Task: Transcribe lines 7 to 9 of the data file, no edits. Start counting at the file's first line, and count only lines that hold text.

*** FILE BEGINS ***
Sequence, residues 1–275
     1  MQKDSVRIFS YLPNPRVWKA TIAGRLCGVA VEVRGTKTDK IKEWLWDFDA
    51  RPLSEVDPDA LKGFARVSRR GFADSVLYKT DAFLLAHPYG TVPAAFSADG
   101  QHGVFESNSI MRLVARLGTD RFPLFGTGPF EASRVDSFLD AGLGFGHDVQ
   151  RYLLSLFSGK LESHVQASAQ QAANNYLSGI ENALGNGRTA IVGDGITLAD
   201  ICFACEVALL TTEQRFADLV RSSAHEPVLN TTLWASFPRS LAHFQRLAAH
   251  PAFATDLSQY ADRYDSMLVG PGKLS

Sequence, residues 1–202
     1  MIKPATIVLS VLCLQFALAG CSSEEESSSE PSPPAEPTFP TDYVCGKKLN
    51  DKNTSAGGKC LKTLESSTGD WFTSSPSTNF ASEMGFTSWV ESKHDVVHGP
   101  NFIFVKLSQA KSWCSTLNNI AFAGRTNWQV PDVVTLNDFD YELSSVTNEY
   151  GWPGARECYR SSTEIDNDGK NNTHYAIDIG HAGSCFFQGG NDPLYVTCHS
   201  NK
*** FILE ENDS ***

   251  PAFATDLSQY ADRYDSMLVG PGKLS

Sequence, residues 1–202
     1  MIKPATIVLS VLCLQFALAG CSSEEESSSE PSPPAEPTFP TDYVCGKKLN